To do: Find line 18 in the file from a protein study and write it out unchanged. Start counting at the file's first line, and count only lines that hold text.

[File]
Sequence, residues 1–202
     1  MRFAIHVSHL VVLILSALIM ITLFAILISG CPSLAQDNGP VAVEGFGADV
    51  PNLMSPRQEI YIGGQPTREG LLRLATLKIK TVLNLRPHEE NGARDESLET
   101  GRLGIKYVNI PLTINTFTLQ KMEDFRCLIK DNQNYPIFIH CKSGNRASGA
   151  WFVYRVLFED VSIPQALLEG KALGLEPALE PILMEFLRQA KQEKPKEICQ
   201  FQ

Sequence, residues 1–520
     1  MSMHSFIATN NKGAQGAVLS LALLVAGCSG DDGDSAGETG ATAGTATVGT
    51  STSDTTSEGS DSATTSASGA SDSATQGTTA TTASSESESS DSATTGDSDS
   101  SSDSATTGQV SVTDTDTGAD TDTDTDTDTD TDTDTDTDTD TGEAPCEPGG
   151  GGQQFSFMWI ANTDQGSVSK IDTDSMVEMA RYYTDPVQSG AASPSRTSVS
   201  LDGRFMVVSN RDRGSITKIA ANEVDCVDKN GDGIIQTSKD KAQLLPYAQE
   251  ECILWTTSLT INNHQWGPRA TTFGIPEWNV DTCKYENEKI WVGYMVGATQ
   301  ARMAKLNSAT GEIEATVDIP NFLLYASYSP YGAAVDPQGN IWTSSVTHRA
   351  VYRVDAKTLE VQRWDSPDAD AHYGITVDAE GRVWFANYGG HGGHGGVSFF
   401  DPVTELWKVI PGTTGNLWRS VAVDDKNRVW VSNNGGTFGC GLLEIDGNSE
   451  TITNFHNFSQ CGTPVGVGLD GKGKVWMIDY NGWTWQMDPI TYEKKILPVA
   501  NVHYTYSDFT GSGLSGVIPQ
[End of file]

   501  NVHYTYSDFT GSGLSGVIPQ